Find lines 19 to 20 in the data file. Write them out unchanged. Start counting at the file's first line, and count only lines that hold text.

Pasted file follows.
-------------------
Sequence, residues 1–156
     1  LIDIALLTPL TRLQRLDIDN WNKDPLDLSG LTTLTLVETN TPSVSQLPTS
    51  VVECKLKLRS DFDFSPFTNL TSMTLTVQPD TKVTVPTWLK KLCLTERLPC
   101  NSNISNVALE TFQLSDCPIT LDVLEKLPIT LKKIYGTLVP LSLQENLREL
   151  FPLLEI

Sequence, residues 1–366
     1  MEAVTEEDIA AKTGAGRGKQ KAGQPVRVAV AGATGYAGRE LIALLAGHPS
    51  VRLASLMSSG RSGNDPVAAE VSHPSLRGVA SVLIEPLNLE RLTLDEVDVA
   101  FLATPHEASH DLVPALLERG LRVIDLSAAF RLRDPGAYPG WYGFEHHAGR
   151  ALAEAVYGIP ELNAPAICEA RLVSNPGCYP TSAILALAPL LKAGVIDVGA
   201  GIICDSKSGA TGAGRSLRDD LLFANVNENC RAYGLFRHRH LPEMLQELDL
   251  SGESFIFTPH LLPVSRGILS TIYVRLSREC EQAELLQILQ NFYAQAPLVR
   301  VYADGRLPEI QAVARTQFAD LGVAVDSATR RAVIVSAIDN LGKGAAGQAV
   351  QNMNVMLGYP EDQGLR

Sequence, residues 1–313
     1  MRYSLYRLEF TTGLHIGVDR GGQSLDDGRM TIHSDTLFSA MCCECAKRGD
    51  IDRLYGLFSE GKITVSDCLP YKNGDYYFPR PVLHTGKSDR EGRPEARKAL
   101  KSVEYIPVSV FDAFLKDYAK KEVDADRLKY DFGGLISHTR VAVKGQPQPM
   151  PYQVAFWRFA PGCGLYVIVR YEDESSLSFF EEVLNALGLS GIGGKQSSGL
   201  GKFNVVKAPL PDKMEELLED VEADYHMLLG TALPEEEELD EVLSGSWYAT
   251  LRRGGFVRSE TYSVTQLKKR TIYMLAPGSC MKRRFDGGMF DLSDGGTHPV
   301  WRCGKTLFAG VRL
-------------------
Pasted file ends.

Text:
   151  PYQVAFWRFA PGCGLYVIVR YEDESSLSFF EEVLNALGLS GIGGKQSSGL
   201  GKFNVVKAPL PDKMEELLED VEADYHMLLG TALPEEEELD EVLSGSWYAT